27-05-2019

“Vete al carajo” and “Cortar el bacalao”

“Vete al carajo” and “Cortar el bacalao”

If someone says “vete al carajo” is that he does not want you close, he would be saying something like: out of my sight or go away. Usually it is used when someone is annoying or tires you, or also, when you do not believe something that someone is telling you, either because it is too exaggerated or because it is a bit "pedantic" and you know that he is not telling you the truth about the story, and you can say "vete al carajo" because you know that what he says is a lie. This expression, in a friendly tone, is not too hard, but rather is a subtle way to tell someone that bothers you or does not tell the truth but no one will be angry if you tell it.

Its origin apparently is in the maritime sector, because the “carajo” was the highest part of the mast of the old ships, where the sailors had to climb to see what was around them, so you can understand better, is where a sailor said : Land in sight! Apparently being up there with the wind, the rain, the movement of the ship and the little space that was, it was quite uncomfortable and only that sailors who had been punished for not doing his job well climb to the top of the mast or “el carajo”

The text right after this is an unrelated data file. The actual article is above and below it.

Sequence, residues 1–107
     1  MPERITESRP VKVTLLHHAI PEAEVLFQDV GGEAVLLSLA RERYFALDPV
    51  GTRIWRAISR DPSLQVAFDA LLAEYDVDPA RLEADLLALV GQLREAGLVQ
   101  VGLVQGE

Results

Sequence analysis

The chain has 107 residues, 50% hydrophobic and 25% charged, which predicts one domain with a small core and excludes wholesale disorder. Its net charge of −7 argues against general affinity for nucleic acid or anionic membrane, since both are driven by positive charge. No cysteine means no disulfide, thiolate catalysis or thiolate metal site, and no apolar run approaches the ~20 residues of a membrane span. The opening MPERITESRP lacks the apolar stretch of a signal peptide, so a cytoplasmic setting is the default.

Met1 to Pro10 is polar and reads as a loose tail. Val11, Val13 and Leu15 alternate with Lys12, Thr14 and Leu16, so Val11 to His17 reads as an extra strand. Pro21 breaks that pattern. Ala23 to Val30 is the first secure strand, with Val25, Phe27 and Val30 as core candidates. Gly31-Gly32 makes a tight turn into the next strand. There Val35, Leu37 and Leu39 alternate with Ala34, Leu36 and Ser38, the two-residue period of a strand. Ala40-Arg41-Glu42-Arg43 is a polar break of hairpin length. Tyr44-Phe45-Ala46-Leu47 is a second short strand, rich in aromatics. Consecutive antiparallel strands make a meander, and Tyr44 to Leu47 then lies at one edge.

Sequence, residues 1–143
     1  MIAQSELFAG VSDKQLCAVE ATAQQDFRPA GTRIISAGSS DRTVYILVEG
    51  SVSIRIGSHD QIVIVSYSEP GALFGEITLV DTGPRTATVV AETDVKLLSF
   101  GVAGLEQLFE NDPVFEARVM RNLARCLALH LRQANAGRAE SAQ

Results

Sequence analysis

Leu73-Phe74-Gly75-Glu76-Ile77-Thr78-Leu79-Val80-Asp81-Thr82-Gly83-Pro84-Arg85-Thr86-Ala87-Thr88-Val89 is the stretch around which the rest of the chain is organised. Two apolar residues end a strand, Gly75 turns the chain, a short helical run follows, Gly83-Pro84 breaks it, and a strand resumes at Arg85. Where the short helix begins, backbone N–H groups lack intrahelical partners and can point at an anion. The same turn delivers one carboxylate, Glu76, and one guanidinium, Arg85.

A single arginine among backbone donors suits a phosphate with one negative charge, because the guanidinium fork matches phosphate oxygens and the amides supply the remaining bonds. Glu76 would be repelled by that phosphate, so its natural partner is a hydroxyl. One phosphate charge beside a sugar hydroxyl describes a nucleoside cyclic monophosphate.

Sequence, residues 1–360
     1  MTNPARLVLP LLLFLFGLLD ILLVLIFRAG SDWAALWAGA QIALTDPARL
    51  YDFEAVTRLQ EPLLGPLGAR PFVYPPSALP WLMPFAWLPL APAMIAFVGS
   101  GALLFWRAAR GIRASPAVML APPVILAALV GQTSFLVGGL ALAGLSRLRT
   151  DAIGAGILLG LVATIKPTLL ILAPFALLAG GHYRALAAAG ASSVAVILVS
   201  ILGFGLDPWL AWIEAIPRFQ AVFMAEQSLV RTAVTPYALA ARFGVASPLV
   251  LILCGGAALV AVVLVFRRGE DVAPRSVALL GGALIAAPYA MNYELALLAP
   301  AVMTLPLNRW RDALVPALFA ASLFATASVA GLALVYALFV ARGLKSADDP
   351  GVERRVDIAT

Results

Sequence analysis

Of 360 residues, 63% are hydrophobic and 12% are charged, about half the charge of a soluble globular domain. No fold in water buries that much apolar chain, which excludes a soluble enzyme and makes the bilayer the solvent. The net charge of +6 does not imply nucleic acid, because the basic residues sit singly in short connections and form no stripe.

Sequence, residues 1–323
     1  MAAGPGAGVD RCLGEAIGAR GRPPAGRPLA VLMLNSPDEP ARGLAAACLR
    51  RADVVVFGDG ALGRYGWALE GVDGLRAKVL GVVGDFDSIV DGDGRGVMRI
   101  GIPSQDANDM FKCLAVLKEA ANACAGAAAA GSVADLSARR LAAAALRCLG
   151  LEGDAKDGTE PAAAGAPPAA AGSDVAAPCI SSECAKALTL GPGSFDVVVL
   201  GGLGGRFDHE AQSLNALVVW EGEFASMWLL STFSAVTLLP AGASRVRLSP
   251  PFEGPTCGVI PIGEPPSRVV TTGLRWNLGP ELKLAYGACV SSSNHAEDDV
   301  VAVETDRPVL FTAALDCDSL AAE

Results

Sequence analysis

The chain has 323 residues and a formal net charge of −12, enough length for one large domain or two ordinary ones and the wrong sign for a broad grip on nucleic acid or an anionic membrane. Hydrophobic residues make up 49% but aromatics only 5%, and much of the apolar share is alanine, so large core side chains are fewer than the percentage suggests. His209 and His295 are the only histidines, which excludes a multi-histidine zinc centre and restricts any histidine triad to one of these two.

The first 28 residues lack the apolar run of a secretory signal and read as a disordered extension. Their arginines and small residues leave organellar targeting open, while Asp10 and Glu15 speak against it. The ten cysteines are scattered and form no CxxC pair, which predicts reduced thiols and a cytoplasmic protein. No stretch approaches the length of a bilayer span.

When you hear something like "she / he is the one who “ corta el bacalao" (literally, cut the codfish) will mean that that person is the one who commands, the one who directs, the one who is in front of that group of people or that event or meeting, and not It has to be related to the fish! Those who “cortan el bacalao” are usually people who have leader wood, and without being bosses, they are able to lead groups of people or events in a completely natural way and they end up being the bosses or decision makers, sometimes , much better than the bosses themselves.

The origin of this expression goes back to the sixteenth century and in the Caribbean lands, where slaves were fed on strips of salted cod (since salt was a preservative and lasted longer) and was the foreman (who was in command) who cut the cod as he wanted to distribute it.

Who “corta el bacalao” in your student apartment in Barcelona?

 

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